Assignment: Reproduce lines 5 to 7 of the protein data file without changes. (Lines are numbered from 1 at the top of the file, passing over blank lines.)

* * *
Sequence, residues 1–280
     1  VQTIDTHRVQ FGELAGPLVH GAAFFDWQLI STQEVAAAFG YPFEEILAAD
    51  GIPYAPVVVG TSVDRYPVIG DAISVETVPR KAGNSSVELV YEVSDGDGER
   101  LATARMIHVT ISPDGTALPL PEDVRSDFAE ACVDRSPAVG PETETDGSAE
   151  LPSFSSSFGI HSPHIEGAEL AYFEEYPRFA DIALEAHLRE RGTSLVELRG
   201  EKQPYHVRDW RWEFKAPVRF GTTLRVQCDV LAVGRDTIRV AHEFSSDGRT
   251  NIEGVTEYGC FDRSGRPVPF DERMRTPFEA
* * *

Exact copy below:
   151  LPSFSSSFGI HSPHIEGAEL AYFEEYPRFA DIALEAHLRE RGTSLVELRG
   201  EKQPYHVRDW RWEFKAPVRF GTTLRVQCDV LAVGRDTIRV AHEFSSDGRT
   251  NIEGVTEYGC FDRSGRPVPF DERMRTPFEA